Obj. ID: 37409
Sacred and Ritual Objects Hanukkah lamp, Alsace, circa 1850
The following description was prepared by William Gross:
The festival of Chanukah is celebrated in the winter period around December and commemorates a Biblical story in which the Jews of the Land of Israel rebel against the Greek occupiers. They reclaim the desecrated Holy Temple in Jerusalem and, miraculously, the small amount of pure oil remaining is enough to keep the Temple light going for eight days. Lamps with eight burners are lit during this holiday, both in the synagogue and at home. Through the centuries, such lamps have taken a wide variety of forms.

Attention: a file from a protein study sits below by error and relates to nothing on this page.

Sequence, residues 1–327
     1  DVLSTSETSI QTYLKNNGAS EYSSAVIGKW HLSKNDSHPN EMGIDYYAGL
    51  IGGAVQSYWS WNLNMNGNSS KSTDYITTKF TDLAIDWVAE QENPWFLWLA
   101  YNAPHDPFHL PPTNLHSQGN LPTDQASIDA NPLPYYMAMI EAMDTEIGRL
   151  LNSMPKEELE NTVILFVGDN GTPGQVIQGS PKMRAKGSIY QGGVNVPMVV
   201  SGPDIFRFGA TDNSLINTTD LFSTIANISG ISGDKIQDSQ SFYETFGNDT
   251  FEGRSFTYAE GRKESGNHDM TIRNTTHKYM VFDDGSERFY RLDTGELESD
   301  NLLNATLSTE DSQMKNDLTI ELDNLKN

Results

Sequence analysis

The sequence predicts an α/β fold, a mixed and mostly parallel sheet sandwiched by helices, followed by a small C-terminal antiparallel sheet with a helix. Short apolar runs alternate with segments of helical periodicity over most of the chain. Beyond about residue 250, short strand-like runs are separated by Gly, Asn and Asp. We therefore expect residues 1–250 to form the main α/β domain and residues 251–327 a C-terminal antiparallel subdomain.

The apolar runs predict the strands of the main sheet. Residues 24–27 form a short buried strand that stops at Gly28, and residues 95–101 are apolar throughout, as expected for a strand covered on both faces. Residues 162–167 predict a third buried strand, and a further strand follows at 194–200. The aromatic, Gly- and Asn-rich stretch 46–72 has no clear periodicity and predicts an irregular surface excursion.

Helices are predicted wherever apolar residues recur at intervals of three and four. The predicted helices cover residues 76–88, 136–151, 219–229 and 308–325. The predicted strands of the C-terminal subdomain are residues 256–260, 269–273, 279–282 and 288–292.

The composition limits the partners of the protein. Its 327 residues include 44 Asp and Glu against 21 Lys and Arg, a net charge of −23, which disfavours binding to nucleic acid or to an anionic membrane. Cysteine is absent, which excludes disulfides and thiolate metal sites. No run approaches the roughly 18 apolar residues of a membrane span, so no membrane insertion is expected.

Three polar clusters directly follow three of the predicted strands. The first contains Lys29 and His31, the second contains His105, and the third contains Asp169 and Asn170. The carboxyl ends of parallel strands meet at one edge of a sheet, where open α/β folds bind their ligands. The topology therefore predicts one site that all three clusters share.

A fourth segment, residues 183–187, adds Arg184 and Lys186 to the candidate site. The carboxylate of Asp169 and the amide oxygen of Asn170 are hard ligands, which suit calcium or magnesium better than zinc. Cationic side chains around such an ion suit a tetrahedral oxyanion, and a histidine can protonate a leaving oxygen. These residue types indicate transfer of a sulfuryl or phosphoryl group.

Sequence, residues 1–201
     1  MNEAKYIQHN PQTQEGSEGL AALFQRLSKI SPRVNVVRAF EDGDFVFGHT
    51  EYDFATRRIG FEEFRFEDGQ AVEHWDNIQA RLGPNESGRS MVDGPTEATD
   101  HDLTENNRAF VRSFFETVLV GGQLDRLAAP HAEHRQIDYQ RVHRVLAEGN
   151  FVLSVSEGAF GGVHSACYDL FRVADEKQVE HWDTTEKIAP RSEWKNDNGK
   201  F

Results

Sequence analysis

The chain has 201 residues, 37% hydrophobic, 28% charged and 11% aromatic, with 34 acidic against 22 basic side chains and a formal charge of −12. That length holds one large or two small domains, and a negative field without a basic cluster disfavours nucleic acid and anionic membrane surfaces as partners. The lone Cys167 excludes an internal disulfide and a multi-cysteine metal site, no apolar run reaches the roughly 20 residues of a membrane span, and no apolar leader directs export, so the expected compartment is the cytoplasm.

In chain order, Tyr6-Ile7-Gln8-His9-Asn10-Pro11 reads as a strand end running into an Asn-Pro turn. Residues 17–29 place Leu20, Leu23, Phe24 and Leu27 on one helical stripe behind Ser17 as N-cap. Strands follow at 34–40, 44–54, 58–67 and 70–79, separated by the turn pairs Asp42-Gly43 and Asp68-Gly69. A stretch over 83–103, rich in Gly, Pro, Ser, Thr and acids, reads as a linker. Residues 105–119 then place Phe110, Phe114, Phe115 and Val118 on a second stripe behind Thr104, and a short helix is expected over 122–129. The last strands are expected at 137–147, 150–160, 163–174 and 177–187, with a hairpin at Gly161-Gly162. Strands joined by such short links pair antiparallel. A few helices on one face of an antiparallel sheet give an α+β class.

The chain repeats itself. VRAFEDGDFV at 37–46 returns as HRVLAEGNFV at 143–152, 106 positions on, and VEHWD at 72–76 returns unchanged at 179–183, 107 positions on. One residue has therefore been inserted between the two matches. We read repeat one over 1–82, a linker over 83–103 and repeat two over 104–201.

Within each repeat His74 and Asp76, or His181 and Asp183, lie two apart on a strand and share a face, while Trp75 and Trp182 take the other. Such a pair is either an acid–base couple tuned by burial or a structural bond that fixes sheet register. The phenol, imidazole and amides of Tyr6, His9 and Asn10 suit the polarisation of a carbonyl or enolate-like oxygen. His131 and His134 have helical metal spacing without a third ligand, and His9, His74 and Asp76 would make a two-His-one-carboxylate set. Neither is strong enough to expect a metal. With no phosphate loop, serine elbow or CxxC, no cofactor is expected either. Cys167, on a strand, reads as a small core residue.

This Chanukah menorah is of a form unique to the area of Alsace and southern Germany. This unusual style has more than one set of burners, in this case two. It is said that this was created for a father and son to kindle the lights together from one lamp. The lamp is made of cheap metal and decorated with the symbols, in brass, of the sun, moon and stars, folk motifs which are found also on some of the very few existing menorahs of this type. There is also a removable drawer for catching any overflow of oil. Because the lamp is made of cheap material, very few of this type were saved, often being discarded and made anew the following holiday season.